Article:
I knew very little about al-Ghaffar, but I made him a merchant in my story, traveling across a lonely mountain road in the dark on a stallion. I used “stallion” rather than “horse” because the word tells us so much more and paints a much brighter picture. Not just any old horse, not a workaday mare, and certainly not a gelding. Why? Because our MC has wealth and status and, perhaps, a certain manliness. A stallion says all these things about him. Traveling by horseback also suggests a time before motorized transport. It could be the 11th century, it could be the 19th century, it doesn’t really matter. It is a time before the kind of technology we take for granted.
The horse picking its way though a treacherous path suggests a difficult journey. If the MC is leaning over the horse and straining to see, it is either night, bad weather or both. The setting and the names suggest the Middle East, which is just enough information. We do not need to know any more.
Already we have a story in the first sentence. A wealthy merchant with a noble sounding name is traveling alone on his horse at night along a difficult route, probably through mountains. How does he feel? Vulnerable to say the least. He could fall prey to any passing robbers who would have no difficulty surprising him on this dark and dismal night.
How does the choice of words tell us all this? The narrative conveys drama by focusing on actions, rather than description. Showing rather than telling. I could have said “It was a cold, dark night and John Smith, a merchant traveling alone, was a bit nervous about the possibility there might be robbers hiding.” Boring! Actions speak louder than words so concentrate on these and the words will fall into place.
My aim (you tell me if I achieved it) was to place the reader on that horse, alone in the cold and dark, expecting armed thieves to pop out of the shadows at any moment. My choice of words was all about atmosphere and building tension. What happens next? A switch in the dramatic tension and a change of pace as Omar appears, someone al-Ghaffar recognizes (“none other than”). Unlike the merchant, Omar would appear to be something of a shady character. He is, it seems, an outcast and there is a question about whether he is really a Sheikh, or the title is just an affectation. All adding to the mystery of the meeting. What on earth does he want and what is he doing here in the middle of nowhere? Hiding in a cave, it seems. Knowing this, adds to the mystery.
If you are wondering, at this point, how to get so much action into so few words, the technique is simplicity itself. You just write it as you think it and then go back and cut out all the padding. You might start with: “Just then, a man called Sheikh Omar appeared from the cave he had been hiding since he was exiled from his home-town of Mocha. Omar was a bit of a shady character.” From this, cut the reference to Mocha, as it adds nothing to the story, leaving you to explain further. “The outcast Skeikh Omar,” tells you his name and suggests the questionable reputation in just four words. “Concealed in a cave,” tells you where he was and what he was doing and casts further doubt on his reputation. You probably could have cut “as he liked to call himself,” but I liked the way it cast further doubt as to Omar’s credentials. Had I found any difficultly in cutting a further five words, they would have gone next. They do, however, help to indicate that al-Ghaffar was inclined to look down upon Omar.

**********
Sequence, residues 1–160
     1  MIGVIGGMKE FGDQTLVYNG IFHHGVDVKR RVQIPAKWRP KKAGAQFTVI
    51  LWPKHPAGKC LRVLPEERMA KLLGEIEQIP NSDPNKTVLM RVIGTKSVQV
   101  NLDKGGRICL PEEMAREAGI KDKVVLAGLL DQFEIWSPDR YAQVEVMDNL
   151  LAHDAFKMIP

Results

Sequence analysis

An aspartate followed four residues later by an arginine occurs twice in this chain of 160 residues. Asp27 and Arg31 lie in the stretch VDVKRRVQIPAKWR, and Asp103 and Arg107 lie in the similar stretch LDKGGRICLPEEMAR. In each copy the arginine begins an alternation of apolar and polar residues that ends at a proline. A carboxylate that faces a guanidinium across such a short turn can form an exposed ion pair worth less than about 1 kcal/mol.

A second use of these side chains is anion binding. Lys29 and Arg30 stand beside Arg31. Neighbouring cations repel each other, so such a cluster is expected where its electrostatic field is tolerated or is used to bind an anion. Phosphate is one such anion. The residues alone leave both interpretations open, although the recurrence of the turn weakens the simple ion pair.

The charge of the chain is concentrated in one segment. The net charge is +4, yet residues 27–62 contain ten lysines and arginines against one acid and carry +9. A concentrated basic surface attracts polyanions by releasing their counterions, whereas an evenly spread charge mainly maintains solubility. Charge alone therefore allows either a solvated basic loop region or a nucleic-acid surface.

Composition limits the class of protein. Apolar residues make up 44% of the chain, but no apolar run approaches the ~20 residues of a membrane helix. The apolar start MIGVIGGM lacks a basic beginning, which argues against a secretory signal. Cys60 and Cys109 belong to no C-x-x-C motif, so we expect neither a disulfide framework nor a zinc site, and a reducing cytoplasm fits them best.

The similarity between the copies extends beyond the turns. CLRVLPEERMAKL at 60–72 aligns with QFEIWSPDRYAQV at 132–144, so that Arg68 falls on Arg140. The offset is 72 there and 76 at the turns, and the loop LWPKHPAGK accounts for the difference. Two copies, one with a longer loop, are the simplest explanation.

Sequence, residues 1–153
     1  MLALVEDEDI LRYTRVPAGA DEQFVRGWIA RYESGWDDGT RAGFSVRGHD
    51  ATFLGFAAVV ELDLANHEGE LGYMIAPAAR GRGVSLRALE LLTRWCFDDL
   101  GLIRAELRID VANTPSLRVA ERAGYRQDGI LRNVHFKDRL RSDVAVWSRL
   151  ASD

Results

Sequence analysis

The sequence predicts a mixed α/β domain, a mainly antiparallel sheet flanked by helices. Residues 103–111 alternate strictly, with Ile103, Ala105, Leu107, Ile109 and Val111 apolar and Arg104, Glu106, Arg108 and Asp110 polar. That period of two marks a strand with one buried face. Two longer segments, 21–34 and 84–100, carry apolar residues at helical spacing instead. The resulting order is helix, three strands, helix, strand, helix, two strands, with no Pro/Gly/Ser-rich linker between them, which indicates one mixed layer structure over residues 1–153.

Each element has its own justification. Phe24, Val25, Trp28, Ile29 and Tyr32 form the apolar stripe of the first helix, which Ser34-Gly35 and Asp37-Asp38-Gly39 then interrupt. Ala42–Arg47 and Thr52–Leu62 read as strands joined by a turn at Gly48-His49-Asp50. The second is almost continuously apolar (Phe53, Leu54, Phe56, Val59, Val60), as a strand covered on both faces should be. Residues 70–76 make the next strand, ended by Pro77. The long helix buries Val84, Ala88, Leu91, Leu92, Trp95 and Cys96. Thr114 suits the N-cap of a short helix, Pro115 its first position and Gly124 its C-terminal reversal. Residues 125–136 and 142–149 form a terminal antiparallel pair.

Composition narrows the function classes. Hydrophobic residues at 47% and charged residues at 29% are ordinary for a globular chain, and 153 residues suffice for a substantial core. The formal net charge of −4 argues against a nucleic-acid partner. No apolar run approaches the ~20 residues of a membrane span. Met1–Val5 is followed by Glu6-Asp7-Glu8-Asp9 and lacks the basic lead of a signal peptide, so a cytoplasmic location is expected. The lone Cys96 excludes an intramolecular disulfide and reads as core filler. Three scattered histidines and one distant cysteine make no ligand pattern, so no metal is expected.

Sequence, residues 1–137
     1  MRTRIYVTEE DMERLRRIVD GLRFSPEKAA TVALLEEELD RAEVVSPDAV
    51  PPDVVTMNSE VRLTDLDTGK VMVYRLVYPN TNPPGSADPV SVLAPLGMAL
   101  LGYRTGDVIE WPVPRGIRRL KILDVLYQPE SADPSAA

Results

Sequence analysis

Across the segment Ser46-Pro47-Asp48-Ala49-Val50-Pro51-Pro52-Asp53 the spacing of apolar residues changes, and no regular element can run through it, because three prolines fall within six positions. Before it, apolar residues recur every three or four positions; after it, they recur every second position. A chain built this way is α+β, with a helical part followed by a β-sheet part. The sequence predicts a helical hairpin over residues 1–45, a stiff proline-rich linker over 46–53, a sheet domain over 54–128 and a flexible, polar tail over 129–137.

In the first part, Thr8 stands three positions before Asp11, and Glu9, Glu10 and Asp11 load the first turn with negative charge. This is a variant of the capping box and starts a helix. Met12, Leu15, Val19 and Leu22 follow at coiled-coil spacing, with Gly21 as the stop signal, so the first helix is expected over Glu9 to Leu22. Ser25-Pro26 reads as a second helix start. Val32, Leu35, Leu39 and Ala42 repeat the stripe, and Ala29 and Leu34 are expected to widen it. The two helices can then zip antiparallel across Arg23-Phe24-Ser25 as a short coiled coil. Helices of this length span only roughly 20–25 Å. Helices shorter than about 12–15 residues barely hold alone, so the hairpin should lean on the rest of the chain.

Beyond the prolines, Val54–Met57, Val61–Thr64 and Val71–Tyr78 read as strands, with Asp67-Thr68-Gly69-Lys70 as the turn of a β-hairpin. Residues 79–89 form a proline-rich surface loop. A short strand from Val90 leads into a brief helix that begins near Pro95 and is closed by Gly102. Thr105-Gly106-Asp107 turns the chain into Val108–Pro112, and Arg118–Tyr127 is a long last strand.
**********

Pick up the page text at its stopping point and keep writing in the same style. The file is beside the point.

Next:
The pecking order is confirmed by Omar, himself, as we launch into dialog. Essential to bring authenticity and animation to any story. A microfiction is no different. Who wants to hear some boring author droning on in a dull monotone, monochrome and clumsy narrative? Let the characters speak for themselves and add their own color.
So, what does Omar say? “Come Effendi, I have something for you.” Use of “Effendi” may well be the wrong language (I’m not sure) but who will notice? Hopefully, the Times literary correspondent, who will tell the readers what an awful story this is – a bad review in the Times would be very welcome, thanks! The word does, however, suggest a doffing of the cap, a deferential “Sir.” What could it possibly be that the outcast wants to show me? …is what al-Ghaffar is perhaps thinking. I might have said that in the draft, but it would have been unnecessary and so could be cut without losing anything. He was obviously interested and, despite any misgivings he might have, ended up in the cave before a fire, as we discover from the action in the next sentence of the narrative. Al-Ghaffar sniffs “the strange, dark liquid” Well, he had clearly never seen it, let alone tasted or sniffed it before, so he wasn’t going to just accept and drink it without wondering what it is. The great thing here is that we, the readers, know what he is about to drink, given the title of the story. Perhaps we even anticipate his reaction and guess what he has to say. Like all mystery writers, I hope the reader does not guess the actual ending. Did you?